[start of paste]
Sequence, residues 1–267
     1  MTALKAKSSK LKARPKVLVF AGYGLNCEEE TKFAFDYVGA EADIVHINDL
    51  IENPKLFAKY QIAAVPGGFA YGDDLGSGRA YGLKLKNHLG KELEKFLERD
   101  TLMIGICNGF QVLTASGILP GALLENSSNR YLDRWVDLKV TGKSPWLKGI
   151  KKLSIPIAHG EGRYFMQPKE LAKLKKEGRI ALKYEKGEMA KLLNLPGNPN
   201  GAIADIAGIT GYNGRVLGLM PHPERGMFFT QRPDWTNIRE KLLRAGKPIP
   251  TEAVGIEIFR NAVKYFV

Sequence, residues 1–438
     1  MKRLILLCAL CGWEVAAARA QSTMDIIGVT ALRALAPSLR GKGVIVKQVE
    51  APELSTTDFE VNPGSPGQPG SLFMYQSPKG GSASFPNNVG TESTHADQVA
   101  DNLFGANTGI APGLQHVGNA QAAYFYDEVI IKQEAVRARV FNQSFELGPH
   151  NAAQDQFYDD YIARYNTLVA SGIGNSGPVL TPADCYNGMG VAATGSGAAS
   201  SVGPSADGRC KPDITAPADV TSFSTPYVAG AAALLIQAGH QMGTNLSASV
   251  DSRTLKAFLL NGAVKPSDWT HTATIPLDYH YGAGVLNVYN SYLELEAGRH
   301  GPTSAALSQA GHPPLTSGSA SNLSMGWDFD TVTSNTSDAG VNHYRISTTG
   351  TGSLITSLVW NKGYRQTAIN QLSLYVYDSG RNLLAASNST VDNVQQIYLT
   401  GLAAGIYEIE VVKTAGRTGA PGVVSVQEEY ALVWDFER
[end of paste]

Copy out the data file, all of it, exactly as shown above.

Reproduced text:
Sequence, residues 1–267
     1  MTALKAKSSK LKARPKVLVF AGYGLNCEEE TKFAFDYVGA EADIVHINDL
    51  IENPKLFAKY QIAAVPGGFA YGDDLGSGRA YGLKLKNHLG KELEKFLERD
   101  TLMIGICNGF QVLTASGILP GALLENSSNR YLDRWVDLKV TGKSPWLKGI
   151  KKLSIPIAHG EGRYFMQPKE LAKLKKEGRI ALKYEKGEMA KLLNLPGNPN
   201  GAIADIAGIT GYNGRVLGLM PHPERGMFFT QRPDWTNIRE KLLRAGKPIP
   251  TEAVGIEIFR NAVKYFV

Sequence, residues 1–438
     1  MKRLILLCAL CGWEVAAARA QSTMDIIGVT ALRALAPSLR GKGVIVKQVE
    51  APELSTTDFE VNPGSPGQPG SLFMYQSPKG GSASFPNNVG TESTHADQVA
   101  DNLFGANTGI APGLQHVGNA QAAYFYDEVI IKQEAVRARV FNQSFELGPH
   151  NAAQDQFYDD YIARYNTLVA SGIGNSGPVL TPADCYNGMG VAATGSGAAS
   201  SVGPSADGRC KPDITAPADV TSFSTPYVAG AAALLIQAGH QMGTNLSASV
   251  DSRTLKAFLL NGAVKPSDWT HTATIPLDYH YGAGVLNVYN SYLELEAGRH
   301  GPTSAALSQA GHPPLTSGSA SNLSMGWDFD TVTSNTSDAG VNHYRISTTG
   351  TGSLITSLVW NKGYRQTAIN QLSLYVYDSG RNLLAASNST VDNVQQIYLT
   401  GLAAGIYEIE VVKTAGRTGA PGVVSVQEEY ALVWDFER